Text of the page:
According to britannica.com, family roots of Satavahanas belong to Andhra jati Tribe. It was mentioned in the Puranas which was ancient Indian religious legend.
There were several small kingdoms existed before Satavahana dynasty. But, Satavahanas became first who successfully expanded their kingdom to prominent empire and ruled over south India. They ruled over central and western India for long period.
Though, Puranas was more religious than Historical, it is still considered as good source for Historical events. So, according to Puranas, Satavahana influence was initiated at late in 1st century BCE.
On contrary, other evidences indicates the dynasty was established their power in 3rd century BCE.
Earlier the Satavahana dynasty was limited to Western Deccan region. Nashik, Nanaghat, Karli, and Kanheri are the places where inscriptions found in memory of the early kings Krishna, Simuka, and Shatakarni I.
Ports along the present Konkan coast gave rise to Indo-Roman trade in the early days of the Satavahana dynasty.
According to wikipedia.org, Western Kshatrapas ruled northern, western and central part of India. The regional contact of Satavahana with these Kshatrapas led to an uncontrolled war.
According to jatland.com, Nahapana was descendant and ruler belong to Indo-Scythian clan. In the inscriptions found in Buddhist caves, Nahapana was described as a donator. Near Nasik region in the Trirashmi hill, Nahapana excavated a cave and offered to Buddhist monks.
It explains, Nahapana pervaded the Nasik and west Deccan regions. It reflected in beginning of the conflict of the Satavahanas and Kshatrapas. Nahapana conquest restricted the influence of Satavahanas to great extent.
Gautamiputra Shatakarni was great ruler who restored the sovereignty of the Satavahanas. He ruled for 24 years from 106 CE to 130 CE. He expanded Satavahana power to its peak. His kingdom was extended from Rajasthan in north to Andhra in south and Gujarat in west to Kalinga in east.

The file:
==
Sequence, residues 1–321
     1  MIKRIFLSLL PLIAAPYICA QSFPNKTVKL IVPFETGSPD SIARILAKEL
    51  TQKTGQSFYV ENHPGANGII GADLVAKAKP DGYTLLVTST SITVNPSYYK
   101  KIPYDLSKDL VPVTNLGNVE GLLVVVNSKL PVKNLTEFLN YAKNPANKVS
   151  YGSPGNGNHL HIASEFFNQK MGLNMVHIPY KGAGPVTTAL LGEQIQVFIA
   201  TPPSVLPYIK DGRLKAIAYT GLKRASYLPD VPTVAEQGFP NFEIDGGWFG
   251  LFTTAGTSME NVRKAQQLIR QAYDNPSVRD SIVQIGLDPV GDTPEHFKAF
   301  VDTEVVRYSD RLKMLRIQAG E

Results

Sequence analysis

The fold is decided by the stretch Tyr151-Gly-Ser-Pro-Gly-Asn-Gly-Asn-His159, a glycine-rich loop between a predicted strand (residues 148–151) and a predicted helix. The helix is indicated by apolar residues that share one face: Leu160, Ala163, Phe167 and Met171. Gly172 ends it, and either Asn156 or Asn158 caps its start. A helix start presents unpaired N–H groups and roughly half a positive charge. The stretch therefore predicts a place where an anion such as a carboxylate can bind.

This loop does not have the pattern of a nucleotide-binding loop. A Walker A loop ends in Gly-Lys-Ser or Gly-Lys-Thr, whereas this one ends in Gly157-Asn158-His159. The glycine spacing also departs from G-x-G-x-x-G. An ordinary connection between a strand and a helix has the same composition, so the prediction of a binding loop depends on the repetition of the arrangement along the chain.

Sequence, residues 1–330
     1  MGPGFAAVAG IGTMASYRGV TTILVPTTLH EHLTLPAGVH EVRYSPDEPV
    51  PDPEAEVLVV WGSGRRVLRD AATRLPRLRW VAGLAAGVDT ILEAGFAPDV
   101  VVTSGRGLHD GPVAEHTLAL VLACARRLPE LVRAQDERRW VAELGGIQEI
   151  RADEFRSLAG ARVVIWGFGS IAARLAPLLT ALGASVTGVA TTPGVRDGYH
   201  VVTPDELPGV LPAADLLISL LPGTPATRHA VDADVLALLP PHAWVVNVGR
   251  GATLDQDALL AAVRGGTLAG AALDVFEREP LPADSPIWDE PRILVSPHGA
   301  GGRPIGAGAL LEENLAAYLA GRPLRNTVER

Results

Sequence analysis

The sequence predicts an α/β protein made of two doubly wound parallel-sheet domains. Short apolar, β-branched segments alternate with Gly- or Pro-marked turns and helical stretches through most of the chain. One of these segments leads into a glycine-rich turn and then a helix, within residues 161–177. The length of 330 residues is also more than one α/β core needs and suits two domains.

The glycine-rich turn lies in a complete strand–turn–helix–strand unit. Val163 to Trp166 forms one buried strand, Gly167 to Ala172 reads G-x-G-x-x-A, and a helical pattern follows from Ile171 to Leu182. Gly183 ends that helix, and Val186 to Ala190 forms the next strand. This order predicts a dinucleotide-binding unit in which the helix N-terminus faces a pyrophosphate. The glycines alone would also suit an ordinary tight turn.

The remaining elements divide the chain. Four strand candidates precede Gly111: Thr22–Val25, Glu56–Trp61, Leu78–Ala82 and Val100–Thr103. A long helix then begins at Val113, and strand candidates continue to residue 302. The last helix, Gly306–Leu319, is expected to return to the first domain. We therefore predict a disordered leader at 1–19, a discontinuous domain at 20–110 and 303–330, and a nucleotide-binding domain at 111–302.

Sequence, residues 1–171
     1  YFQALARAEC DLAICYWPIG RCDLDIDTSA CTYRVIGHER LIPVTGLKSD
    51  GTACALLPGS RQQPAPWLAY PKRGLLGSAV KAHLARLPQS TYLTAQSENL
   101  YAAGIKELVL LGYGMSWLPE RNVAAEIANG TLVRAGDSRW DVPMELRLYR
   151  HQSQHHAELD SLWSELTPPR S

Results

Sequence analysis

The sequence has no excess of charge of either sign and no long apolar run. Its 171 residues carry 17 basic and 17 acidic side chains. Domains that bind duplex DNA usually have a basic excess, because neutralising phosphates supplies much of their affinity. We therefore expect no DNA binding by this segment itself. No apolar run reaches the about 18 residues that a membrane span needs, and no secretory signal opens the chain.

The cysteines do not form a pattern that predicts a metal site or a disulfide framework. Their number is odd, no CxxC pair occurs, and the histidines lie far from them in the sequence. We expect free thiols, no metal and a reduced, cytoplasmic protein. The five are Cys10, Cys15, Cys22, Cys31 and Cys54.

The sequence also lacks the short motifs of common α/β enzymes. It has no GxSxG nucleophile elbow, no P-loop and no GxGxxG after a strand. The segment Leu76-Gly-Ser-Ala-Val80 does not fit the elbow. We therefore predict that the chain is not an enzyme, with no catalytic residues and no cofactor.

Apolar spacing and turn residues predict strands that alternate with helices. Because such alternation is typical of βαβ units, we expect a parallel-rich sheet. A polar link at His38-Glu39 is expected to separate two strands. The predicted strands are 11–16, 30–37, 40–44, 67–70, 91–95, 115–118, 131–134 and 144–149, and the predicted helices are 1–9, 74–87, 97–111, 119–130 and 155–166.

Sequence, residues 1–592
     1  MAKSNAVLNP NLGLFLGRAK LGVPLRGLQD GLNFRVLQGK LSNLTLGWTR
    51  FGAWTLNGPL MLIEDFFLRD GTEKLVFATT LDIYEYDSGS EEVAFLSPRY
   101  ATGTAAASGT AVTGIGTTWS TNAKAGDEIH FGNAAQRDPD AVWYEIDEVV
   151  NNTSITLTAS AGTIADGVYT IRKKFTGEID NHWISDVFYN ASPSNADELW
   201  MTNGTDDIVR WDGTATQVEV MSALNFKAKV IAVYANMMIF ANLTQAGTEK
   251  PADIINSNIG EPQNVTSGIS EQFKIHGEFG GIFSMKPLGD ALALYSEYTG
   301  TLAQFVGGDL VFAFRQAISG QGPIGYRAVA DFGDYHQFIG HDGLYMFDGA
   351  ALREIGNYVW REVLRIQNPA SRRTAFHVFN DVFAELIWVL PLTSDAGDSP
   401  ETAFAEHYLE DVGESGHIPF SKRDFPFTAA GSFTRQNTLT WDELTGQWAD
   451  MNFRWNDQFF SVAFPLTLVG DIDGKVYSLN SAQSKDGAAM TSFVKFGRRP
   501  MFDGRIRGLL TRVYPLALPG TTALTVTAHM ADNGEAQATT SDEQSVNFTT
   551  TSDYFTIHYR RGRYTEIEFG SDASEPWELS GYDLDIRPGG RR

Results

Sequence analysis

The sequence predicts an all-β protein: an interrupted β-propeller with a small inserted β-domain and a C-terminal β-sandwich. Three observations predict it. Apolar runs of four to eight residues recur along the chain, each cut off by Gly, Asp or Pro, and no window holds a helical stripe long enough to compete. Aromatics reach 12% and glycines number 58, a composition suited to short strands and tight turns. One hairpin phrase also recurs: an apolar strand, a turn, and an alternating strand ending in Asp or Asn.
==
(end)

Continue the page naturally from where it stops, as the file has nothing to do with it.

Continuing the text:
End of Gautamiputra’s rule invited Kshatrapas to recapture many of the regions from Satavahanas. It was before 150 CE and second time that Kshatrapas defeated Satavahanas.
Vashisthiputra Pulumavi was successor and son of Gautamiputra Shatakarni. He ruled between 130 CE to 159 CE from western areas. The evidences shows that he interested in expansion of his kingdom in northeast and eastern regions. Coins along with inscriptions of Vashisthiputra are found in Andhra region.
King Shivshri Satakarni was also depicted from coins collected from Godavari and Krishna region. His rule was reigned from 159 CE to 166 CE.
Another Satavahanas ruler, Shri Yajna Shatakarni was ruled over Godavari and Krishna region. Additionally, he made the control over Berar, Chanda region of Madhya Pradesh, Saurashtra and northern Konkan.
In the History of Satavahana dynasty, Shri Yajna was the last prominent king. His achievements against Kshatrapas made Satavahana a dominant power.
On contrary, after his reign, based on evidences referred from Puranas and coins found, his successors were controlled over relatively small region.
Historians find it difficult to collect and study the currencies (coins, tokens) used during Satavahanas. Local characterization of currencies indirectly indicates the division of the Satavahana empire.
Sequentially, Iksvakus and Pallavas became the successors over Andhra. Instead of central power, local authorities become dominant in areas of western Deccan. Some of such local rulers were Kurus, Abhiras, and, Cutus.
At start of 4th century, Vakatakas established a stronger political influence in Berar territory. After this time disintegration of the kingdom of Satavahana empire was fulfill.
The Deccan was ruled by the Satavahanas in the 4th and 3rd centuries when the Mauryan Empire attain a sovereignty in the north. This is because, the historical period in this area is believed to have been started by the Satvahana rulers.
As we know there were nowhere clearly mentioned that whether the central power ran the administrative system. Though, evidence found that, in entire empire spacious system of currency was launched.
During this period, Indo-Roman trade initiated at western coastal reached to its zenith. As a result, material opulence is reflected in royal liberal patronage of Brahmans and Buddhist which itemized from synchronous inscriptions.
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